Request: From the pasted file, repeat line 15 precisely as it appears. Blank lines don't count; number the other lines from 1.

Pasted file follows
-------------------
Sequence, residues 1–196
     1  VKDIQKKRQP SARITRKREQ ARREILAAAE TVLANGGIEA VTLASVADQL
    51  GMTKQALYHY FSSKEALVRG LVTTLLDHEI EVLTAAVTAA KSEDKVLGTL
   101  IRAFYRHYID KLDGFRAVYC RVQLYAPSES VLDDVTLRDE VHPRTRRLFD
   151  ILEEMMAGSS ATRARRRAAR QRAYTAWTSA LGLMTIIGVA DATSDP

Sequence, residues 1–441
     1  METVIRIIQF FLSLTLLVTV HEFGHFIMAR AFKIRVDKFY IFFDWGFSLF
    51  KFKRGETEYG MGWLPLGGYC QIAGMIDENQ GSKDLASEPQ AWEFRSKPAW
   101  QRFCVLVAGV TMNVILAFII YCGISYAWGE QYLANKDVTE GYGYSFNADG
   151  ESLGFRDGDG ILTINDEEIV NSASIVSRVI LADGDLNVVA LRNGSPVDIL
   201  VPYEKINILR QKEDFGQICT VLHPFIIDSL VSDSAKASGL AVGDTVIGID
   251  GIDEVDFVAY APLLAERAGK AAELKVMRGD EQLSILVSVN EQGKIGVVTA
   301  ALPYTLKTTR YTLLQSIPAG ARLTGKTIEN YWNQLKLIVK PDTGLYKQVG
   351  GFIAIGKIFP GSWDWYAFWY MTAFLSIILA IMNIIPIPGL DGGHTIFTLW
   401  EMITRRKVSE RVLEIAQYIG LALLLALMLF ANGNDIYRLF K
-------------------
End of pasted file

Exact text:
   401  EMITRRKVSE RVLEIAQYIG LALLLALMLF ANGNDIYRLF K